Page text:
______________________________________ Cleaning Intensifier D B C______________________________________Cleaning effect 58% 42% 44%Discolouration 1.1% 4.7% 3.2%Disinfection 100 100 38______________________________________
The surfactant combination or the cleaning intensifier D according to the invention shows a distinct improvement in the cleaning effect and also a distinct reduction in discolouration by comparison with the conventional cleaning intensifiers B and C as representatives of the prior art. In addition, the material treated with the cleaning intensifier D was distinguished from the material treated with cleaning intensifiers B and C by clearer colours and a fresher smell.
Further surfactant combinations (disinfecting cleaning intensifiers) E, F, G, and H according to the invention and the conventional cleaning intensifiers B and C of the previous Examples were compared with one another in regard to the cleaning effect of tetrachloroethene baths each containing one of the cleaning intensifiers to be compared, in regard to the overall discolouration of the material cleaned in these baths, in regard to the part played by the cleaning intensifiers in the transfer of dyes from dyed to white textiles and in regard to the bactericidal effect of the cleaning intensifiers.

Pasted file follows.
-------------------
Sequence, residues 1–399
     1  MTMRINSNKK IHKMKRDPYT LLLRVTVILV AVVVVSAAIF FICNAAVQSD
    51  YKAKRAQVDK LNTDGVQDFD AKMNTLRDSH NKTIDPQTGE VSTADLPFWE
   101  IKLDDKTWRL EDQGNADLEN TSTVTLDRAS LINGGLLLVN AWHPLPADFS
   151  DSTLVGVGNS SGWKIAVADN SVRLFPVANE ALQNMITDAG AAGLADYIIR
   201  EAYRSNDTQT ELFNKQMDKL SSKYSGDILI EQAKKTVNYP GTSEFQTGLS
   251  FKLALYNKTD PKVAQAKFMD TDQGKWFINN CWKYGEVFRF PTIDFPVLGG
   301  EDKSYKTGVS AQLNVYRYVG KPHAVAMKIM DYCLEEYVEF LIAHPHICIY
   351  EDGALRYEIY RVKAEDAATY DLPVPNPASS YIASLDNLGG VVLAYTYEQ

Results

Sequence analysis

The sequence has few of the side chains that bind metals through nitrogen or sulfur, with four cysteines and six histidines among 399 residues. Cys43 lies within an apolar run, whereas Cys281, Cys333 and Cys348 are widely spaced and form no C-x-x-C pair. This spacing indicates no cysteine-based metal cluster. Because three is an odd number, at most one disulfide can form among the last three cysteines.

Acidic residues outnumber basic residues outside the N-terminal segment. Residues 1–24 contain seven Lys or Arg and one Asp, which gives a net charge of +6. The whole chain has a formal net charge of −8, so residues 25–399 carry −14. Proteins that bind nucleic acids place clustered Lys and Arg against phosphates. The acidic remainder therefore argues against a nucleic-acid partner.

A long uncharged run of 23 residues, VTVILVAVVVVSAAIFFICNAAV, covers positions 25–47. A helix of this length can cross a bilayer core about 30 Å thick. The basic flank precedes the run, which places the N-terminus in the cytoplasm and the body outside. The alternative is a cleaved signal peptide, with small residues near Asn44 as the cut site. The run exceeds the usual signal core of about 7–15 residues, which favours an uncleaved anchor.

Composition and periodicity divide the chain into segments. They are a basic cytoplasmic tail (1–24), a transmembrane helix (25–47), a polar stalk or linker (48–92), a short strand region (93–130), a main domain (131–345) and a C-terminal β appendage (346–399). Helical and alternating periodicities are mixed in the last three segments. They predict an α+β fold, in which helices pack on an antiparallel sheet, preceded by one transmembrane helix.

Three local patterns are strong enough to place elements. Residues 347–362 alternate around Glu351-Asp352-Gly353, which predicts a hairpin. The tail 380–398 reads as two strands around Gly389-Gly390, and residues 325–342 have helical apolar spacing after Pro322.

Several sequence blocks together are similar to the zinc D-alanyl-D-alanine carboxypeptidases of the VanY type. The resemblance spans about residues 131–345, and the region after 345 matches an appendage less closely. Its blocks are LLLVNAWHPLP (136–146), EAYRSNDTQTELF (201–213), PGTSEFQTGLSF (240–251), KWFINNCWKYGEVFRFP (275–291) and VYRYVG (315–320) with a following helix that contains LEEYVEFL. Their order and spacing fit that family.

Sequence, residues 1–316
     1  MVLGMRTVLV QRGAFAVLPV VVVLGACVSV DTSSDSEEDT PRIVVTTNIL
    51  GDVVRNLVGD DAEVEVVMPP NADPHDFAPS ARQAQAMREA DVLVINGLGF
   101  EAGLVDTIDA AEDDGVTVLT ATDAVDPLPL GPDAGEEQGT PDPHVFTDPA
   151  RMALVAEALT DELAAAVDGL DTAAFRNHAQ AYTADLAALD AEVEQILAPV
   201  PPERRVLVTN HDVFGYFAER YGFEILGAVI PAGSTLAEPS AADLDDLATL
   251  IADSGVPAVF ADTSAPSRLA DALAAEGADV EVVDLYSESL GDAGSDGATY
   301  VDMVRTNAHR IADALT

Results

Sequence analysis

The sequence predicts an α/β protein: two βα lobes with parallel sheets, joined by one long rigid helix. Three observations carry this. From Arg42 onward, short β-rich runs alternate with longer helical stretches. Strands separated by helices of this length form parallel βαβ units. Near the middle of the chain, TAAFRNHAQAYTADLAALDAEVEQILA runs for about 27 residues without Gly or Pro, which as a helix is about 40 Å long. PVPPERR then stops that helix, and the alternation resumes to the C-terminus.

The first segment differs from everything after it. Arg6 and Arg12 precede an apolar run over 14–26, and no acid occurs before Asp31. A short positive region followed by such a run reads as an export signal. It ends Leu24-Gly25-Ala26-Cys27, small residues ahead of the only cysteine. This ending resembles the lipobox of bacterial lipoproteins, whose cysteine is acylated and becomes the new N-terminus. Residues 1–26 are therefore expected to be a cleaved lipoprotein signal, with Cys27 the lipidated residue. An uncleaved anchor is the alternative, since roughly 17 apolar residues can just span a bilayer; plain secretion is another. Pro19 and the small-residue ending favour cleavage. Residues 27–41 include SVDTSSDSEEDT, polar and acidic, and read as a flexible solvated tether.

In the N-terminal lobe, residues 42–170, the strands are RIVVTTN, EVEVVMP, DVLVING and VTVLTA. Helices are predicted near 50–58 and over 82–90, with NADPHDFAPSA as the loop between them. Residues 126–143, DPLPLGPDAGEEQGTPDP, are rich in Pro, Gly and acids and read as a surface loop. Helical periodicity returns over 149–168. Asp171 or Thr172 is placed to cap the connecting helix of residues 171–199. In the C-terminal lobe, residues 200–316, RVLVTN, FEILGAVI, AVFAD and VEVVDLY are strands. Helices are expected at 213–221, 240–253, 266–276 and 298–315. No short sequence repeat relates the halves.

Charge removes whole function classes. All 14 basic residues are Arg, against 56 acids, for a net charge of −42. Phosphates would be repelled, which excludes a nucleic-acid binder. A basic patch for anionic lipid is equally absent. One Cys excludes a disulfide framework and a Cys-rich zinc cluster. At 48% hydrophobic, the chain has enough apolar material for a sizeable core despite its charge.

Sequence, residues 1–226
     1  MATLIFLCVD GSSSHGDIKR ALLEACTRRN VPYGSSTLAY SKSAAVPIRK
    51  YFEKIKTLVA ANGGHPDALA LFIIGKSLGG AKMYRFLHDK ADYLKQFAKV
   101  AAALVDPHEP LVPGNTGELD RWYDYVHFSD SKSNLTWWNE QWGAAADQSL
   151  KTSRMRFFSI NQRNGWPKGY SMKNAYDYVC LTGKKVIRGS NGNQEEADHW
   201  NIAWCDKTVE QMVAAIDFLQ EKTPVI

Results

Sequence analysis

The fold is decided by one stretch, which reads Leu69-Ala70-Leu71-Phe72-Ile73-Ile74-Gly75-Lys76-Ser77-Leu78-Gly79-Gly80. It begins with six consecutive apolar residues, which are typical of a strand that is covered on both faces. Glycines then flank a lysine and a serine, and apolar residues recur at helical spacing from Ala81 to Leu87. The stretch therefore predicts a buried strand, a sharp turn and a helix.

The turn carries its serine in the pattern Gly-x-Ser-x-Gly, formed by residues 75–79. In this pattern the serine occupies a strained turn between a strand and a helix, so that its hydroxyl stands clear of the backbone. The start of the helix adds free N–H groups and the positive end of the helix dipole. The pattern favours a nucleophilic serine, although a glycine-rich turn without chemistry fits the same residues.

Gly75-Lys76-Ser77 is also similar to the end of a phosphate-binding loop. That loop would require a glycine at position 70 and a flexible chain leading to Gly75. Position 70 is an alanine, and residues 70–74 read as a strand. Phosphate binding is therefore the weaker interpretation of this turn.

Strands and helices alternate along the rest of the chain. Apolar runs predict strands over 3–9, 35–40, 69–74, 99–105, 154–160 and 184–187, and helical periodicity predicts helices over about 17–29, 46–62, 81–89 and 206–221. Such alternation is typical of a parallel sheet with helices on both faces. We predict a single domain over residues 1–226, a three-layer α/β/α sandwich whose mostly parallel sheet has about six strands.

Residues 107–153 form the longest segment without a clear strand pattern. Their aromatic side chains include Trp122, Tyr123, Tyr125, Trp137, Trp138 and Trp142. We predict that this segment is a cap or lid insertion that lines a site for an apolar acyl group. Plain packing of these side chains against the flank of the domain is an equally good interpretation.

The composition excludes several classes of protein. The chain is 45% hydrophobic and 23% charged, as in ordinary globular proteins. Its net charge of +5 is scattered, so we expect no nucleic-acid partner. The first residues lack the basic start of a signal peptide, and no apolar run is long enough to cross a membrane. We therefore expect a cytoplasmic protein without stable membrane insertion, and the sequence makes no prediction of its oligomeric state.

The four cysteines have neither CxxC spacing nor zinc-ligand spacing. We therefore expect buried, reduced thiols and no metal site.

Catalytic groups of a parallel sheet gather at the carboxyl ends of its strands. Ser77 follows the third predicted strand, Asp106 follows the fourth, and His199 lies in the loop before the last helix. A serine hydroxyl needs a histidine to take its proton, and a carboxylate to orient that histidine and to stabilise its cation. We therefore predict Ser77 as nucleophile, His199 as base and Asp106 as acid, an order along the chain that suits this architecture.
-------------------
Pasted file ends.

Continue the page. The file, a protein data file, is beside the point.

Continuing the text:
The composition of the cleaning intensifiers according to the invention is shown in the following Table:
______________________________________Composition in % by weight E F G H______________________________________Ammonium salt of2 moles of n-decyldimethylamine1 mole of adipic acid 73 moles of n-decyldimethylamine1 mole of tricarballylic acid 103 moles of lauryl dimethylamine1 mole of citric acid 103 moles of stearyldimethylamine1 mole of citric acid 10Didecyl dimethyl ammoniumchloride 5 5 5 5Coconut oil dialkyl dimethylammonium chloride 15 15 15 15Nonyl phenyl ethoxylate contain-ing 5 moles of ethylene oxide 20 25 20 30Fatty alcohol ethoxylate ofC12 /C14 - alcohol containing7 moles of ethylene oxide 15 10 20 10Water 38 35 30 30______________________________________